To make sure you catch the trout, keep your eye on your indicator for any dips, twitches, or erratic movements. As soon as you see any hint of these, strike swiftly but strike gently. If you tense up and pull back too hard, not only will you actually react more slowly, but you’re more likely to either miss that fish or snap your tippet (or both!).
It takes some practising, but once you’ve mastered the soft, quick strike, you’ll be hooking more trout than ever before.
Take your time when casting
When you’re fishing with weighted flies, a strike indicator, or even added shots on the line, it’s a completely different ball game to casting dry flies. My top tip to casting when nymph fishing is to slow down and take your time with your casts to avoid tangling.
You want to aim for smooth, wide loops to cast your nymph rigs. You can even avoid having to cast at all by just swinging your rig out if you’re fishing at a close distance!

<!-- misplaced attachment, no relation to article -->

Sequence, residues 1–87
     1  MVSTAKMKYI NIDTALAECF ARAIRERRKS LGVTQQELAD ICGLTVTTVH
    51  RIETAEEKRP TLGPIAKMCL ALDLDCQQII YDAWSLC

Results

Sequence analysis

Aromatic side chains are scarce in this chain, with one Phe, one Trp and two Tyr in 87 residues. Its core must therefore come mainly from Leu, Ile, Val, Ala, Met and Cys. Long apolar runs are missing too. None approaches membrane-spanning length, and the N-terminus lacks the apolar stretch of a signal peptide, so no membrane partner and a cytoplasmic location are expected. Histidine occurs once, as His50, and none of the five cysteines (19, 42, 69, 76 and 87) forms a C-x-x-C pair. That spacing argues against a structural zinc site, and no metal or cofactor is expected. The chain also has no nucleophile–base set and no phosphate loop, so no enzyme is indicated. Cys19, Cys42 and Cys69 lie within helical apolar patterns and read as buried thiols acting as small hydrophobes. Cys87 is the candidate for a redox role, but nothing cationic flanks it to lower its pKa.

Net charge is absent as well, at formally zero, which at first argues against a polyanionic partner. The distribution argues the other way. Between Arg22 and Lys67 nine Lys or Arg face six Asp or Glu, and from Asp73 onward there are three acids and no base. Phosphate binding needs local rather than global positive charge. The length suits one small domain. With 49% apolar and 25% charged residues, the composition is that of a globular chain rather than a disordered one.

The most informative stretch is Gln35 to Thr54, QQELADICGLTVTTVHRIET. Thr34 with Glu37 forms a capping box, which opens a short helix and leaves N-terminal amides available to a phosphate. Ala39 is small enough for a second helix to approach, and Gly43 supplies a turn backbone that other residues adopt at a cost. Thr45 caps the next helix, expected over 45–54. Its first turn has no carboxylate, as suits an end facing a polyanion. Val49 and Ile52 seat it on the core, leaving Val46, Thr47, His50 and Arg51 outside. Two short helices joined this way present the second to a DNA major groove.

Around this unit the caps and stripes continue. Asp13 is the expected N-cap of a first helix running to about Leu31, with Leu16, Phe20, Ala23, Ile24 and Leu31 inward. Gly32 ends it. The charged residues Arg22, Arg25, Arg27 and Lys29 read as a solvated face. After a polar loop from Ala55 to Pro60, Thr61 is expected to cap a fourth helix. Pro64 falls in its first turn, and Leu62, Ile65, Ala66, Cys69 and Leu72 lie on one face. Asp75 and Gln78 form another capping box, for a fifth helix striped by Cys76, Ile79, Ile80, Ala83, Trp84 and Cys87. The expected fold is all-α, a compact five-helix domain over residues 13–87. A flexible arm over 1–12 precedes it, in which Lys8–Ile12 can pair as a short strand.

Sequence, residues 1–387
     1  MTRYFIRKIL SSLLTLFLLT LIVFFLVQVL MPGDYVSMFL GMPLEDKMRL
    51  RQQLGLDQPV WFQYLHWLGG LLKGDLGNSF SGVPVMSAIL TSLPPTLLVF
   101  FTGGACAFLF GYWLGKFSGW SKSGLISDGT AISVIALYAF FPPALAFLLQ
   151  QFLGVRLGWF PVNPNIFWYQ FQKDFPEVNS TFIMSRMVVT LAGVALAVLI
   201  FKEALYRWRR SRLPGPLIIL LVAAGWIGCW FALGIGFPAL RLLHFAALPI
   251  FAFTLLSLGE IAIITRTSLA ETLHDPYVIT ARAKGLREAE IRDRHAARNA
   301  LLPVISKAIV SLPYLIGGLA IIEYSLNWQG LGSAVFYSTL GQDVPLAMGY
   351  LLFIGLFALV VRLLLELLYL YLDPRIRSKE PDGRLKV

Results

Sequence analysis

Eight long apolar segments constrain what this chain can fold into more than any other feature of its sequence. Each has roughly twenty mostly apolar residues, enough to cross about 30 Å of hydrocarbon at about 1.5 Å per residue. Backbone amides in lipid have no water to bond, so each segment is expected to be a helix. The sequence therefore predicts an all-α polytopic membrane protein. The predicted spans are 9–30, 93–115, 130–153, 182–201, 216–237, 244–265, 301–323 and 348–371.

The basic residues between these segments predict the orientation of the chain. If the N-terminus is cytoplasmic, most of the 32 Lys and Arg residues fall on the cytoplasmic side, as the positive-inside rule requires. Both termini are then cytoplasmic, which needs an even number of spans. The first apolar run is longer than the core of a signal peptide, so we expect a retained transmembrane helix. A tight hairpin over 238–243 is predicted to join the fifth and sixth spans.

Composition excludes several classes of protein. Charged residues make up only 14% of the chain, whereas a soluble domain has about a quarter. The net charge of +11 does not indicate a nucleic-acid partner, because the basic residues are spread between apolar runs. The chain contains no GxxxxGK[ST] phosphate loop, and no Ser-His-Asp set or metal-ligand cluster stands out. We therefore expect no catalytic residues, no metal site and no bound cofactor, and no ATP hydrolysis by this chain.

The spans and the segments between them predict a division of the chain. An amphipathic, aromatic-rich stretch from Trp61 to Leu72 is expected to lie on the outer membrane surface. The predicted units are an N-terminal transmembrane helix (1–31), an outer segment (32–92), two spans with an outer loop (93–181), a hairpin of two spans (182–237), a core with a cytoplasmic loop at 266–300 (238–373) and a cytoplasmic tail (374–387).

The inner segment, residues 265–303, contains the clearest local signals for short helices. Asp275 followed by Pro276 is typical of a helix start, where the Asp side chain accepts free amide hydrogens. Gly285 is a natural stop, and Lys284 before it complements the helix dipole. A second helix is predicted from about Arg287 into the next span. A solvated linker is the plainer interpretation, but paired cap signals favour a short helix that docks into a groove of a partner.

Try out different nymph techniques – don’t just stick to one method
There’s a big split between traditional nymphing and Euro-nymph fishermen, but I think that we should get over this and adopt all the different methods. There are times when one method will just work way better than another, and if you have a range of techniques under your belt, you’ll have much more success than if you stick to just one method.
Sometimes, you might have a go at long-range nymphing, Czech nymphing and using a swimming nymph on a sink line – all on the same day! Let’s embrace the variety, learn the techniques, and use them when they will work best for you.
Advanced Nymphing Techniques
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So there you have your basic guide on how to nymph fish! Whether you’re just getting started as a nymphing angler, or you want to up your catch rate and hook more fish with nymphs, these tips and tricks should raise your nymph fishing game!
Hey, I’m Ben, a fly fisherman for over 20 years and also an aspiring blogger. I’ve been into fly fishing since my graduation from spin fishing when I was 12 years old. I started flyfisherpro.com to help introduce as many people into this amazing sport. Tight lines everyone!
You can read more on our about page here.